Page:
4. ^ Pearce MS, Deary IJ, Young AH, Parker L. Growth in early life and childhood IQ at age 11 years: the Newcastle Thousand Families Study. Int J Epidemiol 2005;34:673–77.
  5. ^ Wilson DM, Hammer LD, Duncan PM et al. (1986). "Growth and intellectual development". Pediatrics 78 (4): 646–50. PMID 3763275. 
  6. ^ Walker SP, Grantham-McGregor SM, Powell CA, Chang SM. Effects of growth restriction in early childhood on growth, IQ, and cognition at age 11 to 12 years and the benefits of nutritional supplementation and psychosocial stimulation. J Pediatr 2000; 137:36–41. Abstract
  7. ^ Tanner JM. Relation of body size, intelligence test scores and social circumstances. In: Mussen PH, Largen J, Covington M (eds). Trends and Issues in Developmental Psychology. New York: Holt, Rinehard and Winston Inc., 1969.
  8. ^ Pearce MS, Deary IJ, Young AH, Parker L. "Growth in early life and childhood IQ at age 11 years: the Newcastle Thousand Families Study." Int J Epidemiol 2005;34:673–77.Article
  9. ^ Humphreys L. G., Davey T. C., Park R. K. (1985). "Longitudinal correlation analysis of standing height and intelligence". Child Development 56 (6): 1465–1478. doi:10.2307/1130466. JSTOR 1130466. PMID 4075869. 
  10. ^ Tuvemo T., Jonsson B., Persson I. (1999). "Intellectual and physical performance and morbidity in relation to height in a cohort of 18-year-old Swedish conscripts". Hormone Research 52 (4): 186–191. doi:10.1159/000023459. PMID 10725784. 
  11. ^ a b Beauchamp J. P., Cesarini D., Johannesson M., Lindqvist E., Apicella C. (2011). "On the sources of the height–intelligence correlation: New insights from a bivariate ACE model with assortative mating". Behavior Genetics 41 (2): 242–252. doi:10.1007/s10519-010-9376-7. PMC 3044837. PMID 20603722.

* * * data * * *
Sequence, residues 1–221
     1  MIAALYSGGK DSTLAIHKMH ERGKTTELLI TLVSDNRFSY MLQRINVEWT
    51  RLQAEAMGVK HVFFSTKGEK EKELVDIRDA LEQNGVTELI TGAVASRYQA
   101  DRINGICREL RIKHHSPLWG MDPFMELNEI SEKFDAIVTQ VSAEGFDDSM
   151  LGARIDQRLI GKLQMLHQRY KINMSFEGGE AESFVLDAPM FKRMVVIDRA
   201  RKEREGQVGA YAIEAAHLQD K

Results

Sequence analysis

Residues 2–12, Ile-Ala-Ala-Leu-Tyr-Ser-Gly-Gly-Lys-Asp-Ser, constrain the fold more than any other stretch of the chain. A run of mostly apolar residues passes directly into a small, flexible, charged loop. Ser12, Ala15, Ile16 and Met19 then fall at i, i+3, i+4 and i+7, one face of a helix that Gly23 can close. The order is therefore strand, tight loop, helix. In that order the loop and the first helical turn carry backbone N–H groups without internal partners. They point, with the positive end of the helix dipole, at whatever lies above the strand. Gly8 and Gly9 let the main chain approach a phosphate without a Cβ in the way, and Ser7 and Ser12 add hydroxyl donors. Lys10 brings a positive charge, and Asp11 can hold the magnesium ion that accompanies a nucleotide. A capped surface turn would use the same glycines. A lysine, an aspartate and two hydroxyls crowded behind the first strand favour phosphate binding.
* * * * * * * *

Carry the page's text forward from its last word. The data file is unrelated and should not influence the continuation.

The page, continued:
12. ^ [1] Patrik Magnusson, Finn Rasmussen et Ulf Gyllensten, International Journal of Epidemiology, 2006
  13. ^ Humphreys, L. G., Davey, T. C., & Park, R. K. (December 1985). "Longitudinal correlation analysis of standing height and intelligence". Child Development 56 (6): 1465–1478. doi:10.2307/1130466. JSTOR 1130466. PMID 4075869. 
  14. ^ Donald B. Egolf and Lloyd E. Corder (March 1991). "Height differences of low and high job status, female and male corporate employees". Sex Differences 5–6 (5–6): 365–373. doi:10.1007/BF00288309. 
  15. ^ a b Sundet JM, Tambs K, Harris JR, Magnus P, Torjussen TM. Resolving the genetic and environmental sources of the correlation between height and intelligence: a study of nearly 2600 Norwegian male twin pairs. Twin Res Hum Genet. 2005 Aug;8(4):307-11
  16. ^ Teasdale, TW; Owen DR, Sørensen TI (February 1991). "Intelligence and educational level in adult males at the extremes of stature". Hum Biol. (Wayne State University Press) 63 (1): 19–30. 
  17. ^ a b Teasdale T. W., Srensen T. I. A., Owen D. R. (1989). "Fall in association of height with intelligence and educational level". British Medical Journal 298 (6683): 1292–1293. doi:10.1136/bmj.298.6683.1292. PMC 1836522. PMID 2500201. 
  18. ^ Anne Case and Christina Paxson : Stature and Status: Height, Ability and Labor Market OutcomesArticle
  19. ^ [2] Success Is Relative, and Height Isn’t Everything, by Stephen S. Hall, New York times, November 28, 2006
  20. ^ [3] or [4]Taller People Are Smarter, Reuters, August 25, 2006
  21. ^ Neisser, U.; Boodoo, G.; Bouchard, T. J. , J.; Boykin, A. W.; Brody, N.; Ceci, S. J.; Halpern, D. F.; Loehlin, J. C.; Perloff, R.; Sternberg, R. J.; Urbina, S. (1996). "Intelligence: Knowns and unknowns". American Psychologist 51 (2): 77. doi:10.1037/0003-066X.51.2.77.  edit
  22. ^ Silventoinen K., Posthuma D., van Beijsterveldt T., Bartels M., Boomsma D.I. (2006). "Genetic contributions to the association between height and intelligence: evidence from Dutch twin data from childhood to middle age". Genes, Brain and Behavior 8: 585–595.